By James Rowen for   Published Mar 28, 2006 at 5:25 AM

The opinions expressed in this column do not necessarily reflect the opinions of, its advertisers or editorial staff.

City of Waukesha officials say they have not decided whether to apply for a controversial diversion of water from Lake Michigan to their community which lies outside of the Great Lakes basin.

And it’s hard to predict if Waukesha could win the required unanimous vote for a diversion application from the eight-member Council of Great Lakes Governors, where such decisions are made.

That’s because political and scientific concerns about the wisdom and need for diversions have long been heard in southeast Wisconsin and elsewhere in the Great Lakes region.

A Waukesha application would likely seek about 20 million gallons of Lake Michigan water a day -- more if Waukesha continues to annex land for development and even more if other communities in Waukesha County piggy-back on to the application.

But there has been substantial funding helping to legitimize Waukesha’s interest in a diversion -- so let’s follow the money, the players and their interactions.

Begin with a little-known $411,000 study that began in June 2002 and was published in August 2003, entitled "Making a Decision on Improvement: An Annex 2001 Case Study Demonstration Involving Waukesha Water Supply."

The study paid for by The Great Lakes Protection Fund, a research arm of the Council of Great Lakes Governors. Study work took place as the governors were considering new Great Lakes water-use rules adopted in December 2005, after four years of work known as "Annex 2001".

The new water rules are designed to protect the Great Lakes, and will determine if Waukesha and other communities outside of the Great Lakes basin will be allowed to pipe in water.

Conducted by a group of consultants led by CH2M Hill, a major Colorado firm with a long history in Wisconsin, and including so-called "stakeholders" -- including the environmental groups Great Lakes United and the Lake Michigan Federation -- the case study laid out a potential blueprint of procedures and goals to both help Waukesha win withdrawal permission and benefit the region’s ecosystem.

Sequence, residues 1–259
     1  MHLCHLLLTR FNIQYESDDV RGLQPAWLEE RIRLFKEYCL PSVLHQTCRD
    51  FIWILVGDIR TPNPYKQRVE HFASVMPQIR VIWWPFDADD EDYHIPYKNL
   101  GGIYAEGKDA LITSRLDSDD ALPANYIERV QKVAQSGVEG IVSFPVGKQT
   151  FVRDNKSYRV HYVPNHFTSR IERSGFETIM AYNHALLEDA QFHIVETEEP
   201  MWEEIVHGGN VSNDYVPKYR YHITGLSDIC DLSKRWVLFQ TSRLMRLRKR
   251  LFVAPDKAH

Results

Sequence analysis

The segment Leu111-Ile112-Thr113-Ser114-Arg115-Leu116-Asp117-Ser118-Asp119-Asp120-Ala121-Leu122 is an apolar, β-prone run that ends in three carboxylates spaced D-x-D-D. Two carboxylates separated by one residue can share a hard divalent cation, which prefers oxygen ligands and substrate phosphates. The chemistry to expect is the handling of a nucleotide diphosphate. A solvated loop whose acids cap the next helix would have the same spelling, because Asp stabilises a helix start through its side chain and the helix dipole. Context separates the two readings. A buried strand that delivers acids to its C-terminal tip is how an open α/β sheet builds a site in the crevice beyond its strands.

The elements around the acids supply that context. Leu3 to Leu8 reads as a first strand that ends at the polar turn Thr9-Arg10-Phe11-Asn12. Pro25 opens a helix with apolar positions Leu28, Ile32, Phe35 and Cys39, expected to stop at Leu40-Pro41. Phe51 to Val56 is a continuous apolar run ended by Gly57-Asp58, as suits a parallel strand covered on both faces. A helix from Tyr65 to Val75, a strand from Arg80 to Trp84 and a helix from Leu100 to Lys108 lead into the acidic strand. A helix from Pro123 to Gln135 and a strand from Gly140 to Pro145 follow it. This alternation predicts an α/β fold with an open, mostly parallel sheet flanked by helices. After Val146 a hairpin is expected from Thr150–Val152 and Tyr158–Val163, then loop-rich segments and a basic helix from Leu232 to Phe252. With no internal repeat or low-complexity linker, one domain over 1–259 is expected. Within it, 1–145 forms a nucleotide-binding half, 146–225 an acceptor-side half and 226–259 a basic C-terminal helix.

"The Waukesha case study provides the Governor’s [rule-making] Working Group with information and tools necessary to develop the final standard for future water withdrawals…," the report concluded.

The governors’ final rules ended up strengthening certain provisions and easing others: one major change put the city of Waukesha into a new category of communities that would be allowed to apply for diversions even though they lie outside of the Great Lakes basin.

While the 2001-'05 negotiations were underway, the city of Waukesha and its water utility began laying the groundwork for a Lake Michigan diversion application and conservation planning the way a National Football Team adds free agents for a championship run.

Waukesha signaled its diversion intentions to Wisconsin Gov. Jim Doyle when Waukesha Mayor Carol Lombardi sent him an issues background packet, report and cover letter on August 23, 2003 that began:

"The City of Waukesha and the Waukesha Water Utility are beginning a process to obtain permission to withdraw 20 million gallons of water per day from Lake Michigan."

While no application has yet been filed, the water utility hired a consulting team in March 2004 led by The Cadmus Group, an Illinois firm, and paid it $126,000 in two phases, records show.

Cadmus titled its winning contract proposal: "Development of a Strategy and Great Lakes Water Application for Approval by the Great Lakes Governors."